Life in Sydney Harbor has not been kind to Hippocampus whitei, or White’s seahorse. Boat anchors, sedimentation, pollution and devastating storms in the area have destroyed the animal’s habitat.
That’s why the SEA LIFE Sydney Aquarium, University of Technology Sydney and various Australian government agencies are setting up a chain of so-called seahorse “hotels” to help restore the species.
Harriet Tatham at ABC Radio Sydney reports that the seahorses’ population in Sydney Harbor decreased by 90 percent over the last decade, leading to its listing as an endangered species in 2017. Now, researchers are hoping that by establishing the “hotels” around the harbor, they will be able to release captive bred seahorses and restock the seahorse stable.
According to a university press release, the project kicked off last month. Aquarium staff collected breeding pairs of the seahorses from Sydney Harbor, including some pregnant male seahorses. The staff has witnessed six births, during which dozens of baby seahorses about the size of a grain of rice emerge from their birth pouch. The goal is to raise the juvenile seahorses until they are large and strong enough to survive in the harbor.
A big part of that survival will be the seahorse hotels. Sabrina Imbler at Atlas Obscura reports that the hotel concept is the brainchild of marine biologist David Harasti of Australia’s Port Stephens Fisheries Institute. While diving in the harbor, he noticed that the surviving populations of White's seahorses congregated around abandoned crab traps and nets used to keep sharks out. So he designed a “hotel” made of chicken wire for the seahorses, deploying 18 of them in early 2018. By year’s end, he counted 65 White’s seahorses that called his hotels home.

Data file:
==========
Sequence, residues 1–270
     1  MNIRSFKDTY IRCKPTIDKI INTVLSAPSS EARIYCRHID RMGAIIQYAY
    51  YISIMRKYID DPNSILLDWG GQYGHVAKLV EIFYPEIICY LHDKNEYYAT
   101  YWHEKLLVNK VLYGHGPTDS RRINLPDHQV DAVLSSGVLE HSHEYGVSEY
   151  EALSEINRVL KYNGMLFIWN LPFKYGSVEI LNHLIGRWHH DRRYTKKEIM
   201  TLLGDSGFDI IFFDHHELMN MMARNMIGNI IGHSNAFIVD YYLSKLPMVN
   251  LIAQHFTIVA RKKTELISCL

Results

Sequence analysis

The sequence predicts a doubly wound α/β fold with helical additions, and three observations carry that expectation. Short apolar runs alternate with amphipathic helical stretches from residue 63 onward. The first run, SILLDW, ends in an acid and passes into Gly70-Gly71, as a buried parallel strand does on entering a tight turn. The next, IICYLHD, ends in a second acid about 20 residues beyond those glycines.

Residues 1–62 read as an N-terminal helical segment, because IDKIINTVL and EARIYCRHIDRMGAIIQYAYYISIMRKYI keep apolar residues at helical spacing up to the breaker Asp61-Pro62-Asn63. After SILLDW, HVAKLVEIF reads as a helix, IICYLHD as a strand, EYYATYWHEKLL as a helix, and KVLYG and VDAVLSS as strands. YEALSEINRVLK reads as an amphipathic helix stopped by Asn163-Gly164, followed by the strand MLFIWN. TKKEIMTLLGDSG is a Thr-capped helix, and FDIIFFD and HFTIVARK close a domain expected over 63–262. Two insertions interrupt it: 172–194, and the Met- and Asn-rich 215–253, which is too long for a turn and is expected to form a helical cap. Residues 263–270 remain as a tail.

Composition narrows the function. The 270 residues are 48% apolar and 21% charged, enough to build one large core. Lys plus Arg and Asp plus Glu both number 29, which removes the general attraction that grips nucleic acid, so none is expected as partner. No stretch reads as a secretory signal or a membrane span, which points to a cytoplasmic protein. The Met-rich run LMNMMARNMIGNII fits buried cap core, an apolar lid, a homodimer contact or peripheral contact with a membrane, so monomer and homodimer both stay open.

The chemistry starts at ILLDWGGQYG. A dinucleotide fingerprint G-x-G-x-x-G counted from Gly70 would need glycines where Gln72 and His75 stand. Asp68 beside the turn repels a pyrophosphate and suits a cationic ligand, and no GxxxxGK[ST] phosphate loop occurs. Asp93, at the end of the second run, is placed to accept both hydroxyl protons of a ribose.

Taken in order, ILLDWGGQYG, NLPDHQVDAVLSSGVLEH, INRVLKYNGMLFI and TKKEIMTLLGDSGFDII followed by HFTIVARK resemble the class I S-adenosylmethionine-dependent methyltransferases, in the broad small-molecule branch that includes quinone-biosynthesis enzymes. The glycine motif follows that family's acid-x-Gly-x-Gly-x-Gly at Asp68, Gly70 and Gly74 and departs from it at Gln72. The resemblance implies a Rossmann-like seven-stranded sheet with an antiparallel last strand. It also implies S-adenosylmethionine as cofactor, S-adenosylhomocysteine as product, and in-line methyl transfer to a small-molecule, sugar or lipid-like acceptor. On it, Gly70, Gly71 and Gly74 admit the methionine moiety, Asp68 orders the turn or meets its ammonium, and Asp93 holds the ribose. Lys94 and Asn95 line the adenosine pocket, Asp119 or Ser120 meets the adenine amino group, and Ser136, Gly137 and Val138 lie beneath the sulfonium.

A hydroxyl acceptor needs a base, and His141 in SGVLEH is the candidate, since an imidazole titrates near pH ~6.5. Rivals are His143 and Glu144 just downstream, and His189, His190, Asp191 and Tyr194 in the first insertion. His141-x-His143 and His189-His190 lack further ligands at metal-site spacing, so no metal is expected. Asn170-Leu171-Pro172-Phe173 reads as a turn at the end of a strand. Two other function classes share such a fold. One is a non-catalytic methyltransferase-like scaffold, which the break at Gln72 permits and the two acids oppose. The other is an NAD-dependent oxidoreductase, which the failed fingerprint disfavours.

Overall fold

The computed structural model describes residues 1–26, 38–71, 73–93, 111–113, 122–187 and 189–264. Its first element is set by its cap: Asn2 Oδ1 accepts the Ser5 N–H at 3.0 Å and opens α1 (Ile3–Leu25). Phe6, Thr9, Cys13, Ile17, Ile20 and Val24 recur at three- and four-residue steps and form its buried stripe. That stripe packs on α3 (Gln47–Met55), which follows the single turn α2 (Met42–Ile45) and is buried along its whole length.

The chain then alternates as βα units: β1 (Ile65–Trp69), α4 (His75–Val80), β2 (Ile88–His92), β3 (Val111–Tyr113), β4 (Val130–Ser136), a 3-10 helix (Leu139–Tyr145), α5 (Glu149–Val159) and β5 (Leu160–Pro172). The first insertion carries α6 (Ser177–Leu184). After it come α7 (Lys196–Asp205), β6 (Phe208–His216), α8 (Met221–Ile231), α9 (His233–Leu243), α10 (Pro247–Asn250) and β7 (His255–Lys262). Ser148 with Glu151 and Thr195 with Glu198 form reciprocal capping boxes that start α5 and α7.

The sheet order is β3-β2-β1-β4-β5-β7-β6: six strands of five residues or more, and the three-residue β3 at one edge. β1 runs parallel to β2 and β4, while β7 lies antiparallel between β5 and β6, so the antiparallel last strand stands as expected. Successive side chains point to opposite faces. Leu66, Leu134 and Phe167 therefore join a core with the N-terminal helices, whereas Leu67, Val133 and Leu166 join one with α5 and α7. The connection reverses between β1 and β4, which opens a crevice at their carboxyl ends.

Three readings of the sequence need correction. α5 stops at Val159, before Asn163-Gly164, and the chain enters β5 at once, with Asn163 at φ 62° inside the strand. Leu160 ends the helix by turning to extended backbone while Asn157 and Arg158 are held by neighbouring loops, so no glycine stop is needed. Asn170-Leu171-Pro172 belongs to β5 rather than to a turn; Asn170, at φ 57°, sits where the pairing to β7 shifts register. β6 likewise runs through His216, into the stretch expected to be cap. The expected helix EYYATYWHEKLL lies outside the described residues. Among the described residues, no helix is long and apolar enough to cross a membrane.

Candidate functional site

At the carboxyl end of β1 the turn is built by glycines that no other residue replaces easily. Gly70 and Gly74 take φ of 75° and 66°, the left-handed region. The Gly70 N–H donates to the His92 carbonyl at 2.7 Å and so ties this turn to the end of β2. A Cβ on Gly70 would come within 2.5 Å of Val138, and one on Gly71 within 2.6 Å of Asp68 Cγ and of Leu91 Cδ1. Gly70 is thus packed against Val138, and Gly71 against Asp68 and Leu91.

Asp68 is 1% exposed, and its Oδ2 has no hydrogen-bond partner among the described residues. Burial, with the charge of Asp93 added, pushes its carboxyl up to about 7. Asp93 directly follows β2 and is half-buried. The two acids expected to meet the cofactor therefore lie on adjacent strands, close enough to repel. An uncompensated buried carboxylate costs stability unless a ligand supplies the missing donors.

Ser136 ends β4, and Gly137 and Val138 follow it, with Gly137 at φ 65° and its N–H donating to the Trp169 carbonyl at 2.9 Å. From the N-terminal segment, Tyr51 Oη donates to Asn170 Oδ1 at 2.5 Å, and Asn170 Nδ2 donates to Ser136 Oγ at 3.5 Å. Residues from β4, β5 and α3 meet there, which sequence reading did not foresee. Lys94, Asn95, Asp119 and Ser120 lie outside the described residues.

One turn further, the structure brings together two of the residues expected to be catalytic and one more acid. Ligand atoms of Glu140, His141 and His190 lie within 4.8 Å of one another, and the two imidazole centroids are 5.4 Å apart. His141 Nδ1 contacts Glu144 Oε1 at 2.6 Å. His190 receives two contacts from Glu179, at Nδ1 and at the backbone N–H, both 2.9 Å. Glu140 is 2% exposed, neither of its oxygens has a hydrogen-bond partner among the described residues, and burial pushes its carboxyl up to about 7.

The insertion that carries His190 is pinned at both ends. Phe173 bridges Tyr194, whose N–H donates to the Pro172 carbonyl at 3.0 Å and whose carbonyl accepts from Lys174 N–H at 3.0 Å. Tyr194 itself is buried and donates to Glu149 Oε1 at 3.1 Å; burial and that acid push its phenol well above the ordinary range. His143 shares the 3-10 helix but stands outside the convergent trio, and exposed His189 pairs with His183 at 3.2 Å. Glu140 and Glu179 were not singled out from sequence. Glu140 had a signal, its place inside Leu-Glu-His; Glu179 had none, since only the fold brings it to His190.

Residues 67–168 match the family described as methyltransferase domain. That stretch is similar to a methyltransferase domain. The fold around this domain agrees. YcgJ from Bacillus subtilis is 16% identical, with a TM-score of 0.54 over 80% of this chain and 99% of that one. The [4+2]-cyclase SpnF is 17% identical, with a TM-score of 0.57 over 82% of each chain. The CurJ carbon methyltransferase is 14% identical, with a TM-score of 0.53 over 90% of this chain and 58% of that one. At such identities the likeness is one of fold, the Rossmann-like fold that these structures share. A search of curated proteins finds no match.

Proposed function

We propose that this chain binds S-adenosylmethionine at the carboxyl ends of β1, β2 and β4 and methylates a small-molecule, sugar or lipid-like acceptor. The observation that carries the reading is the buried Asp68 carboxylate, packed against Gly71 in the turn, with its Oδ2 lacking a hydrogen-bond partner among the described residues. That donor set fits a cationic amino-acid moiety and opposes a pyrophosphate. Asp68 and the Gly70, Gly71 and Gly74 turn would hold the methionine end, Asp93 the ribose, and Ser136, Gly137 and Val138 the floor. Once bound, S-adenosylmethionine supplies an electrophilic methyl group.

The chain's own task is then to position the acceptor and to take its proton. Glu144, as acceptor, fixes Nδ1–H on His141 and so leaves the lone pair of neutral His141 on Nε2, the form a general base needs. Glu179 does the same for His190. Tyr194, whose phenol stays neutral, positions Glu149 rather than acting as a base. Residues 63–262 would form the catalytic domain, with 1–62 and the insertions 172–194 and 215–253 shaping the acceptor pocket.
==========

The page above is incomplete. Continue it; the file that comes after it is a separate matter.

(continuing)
“Everyone loved the seahorse hotels,” he tells Imbler. “It was a real, ‘If you build it, they will come’ situation.”
The seahorses, however, aren’t attracted to chicken wire, per se. Harasti says corals, sponges and algae begin to grow on the box-like scaffolding, which attracts the little marine animals the seahorses prey upon. The hope is after the hotels rust away, they will leave behind miniature coral mounds that will be long-term habitat for the seahorses.
Last year, after the hotels had been deployed for six months, Harasti told Ben Millington and Nancy Notzon at ABC Newcastle that the seahorses were bonding with the hotels.
“Each time we survey a hotel there are adults on there, there are juveniles and we're finding they're very territorial, so we tag the seahorses and we find the same animals from three or four months ago still living on them which is great,” Harasti says.
Currently, Harasti and his team are building a new batch of hotels that they will deploy next year along with the captive-bred seahorses. While the hotels appear to be a successful, he says the team is optimistic but cautious about the breeding program.
“When you raise something in captivity, they behave very differently to how they behave in the wild,” he tells Tatham. “When we release these animals, there’s not somebody giving them food every day or keeping them safe. They will be surrounded by fish and octopus that will predate on them, so we’re hopeful that they’ll adapt to being back in the wild but we’re not sure if this is going to work.”
Biologist Robbie McCracken of SEA LIFE Sydney Aquarium tells Imbler the seahorses should be big enough to release into the wild in April or May 2020. The researchers will tag the creatures with three neon spots injected under their skin that will allow long-term monitoring.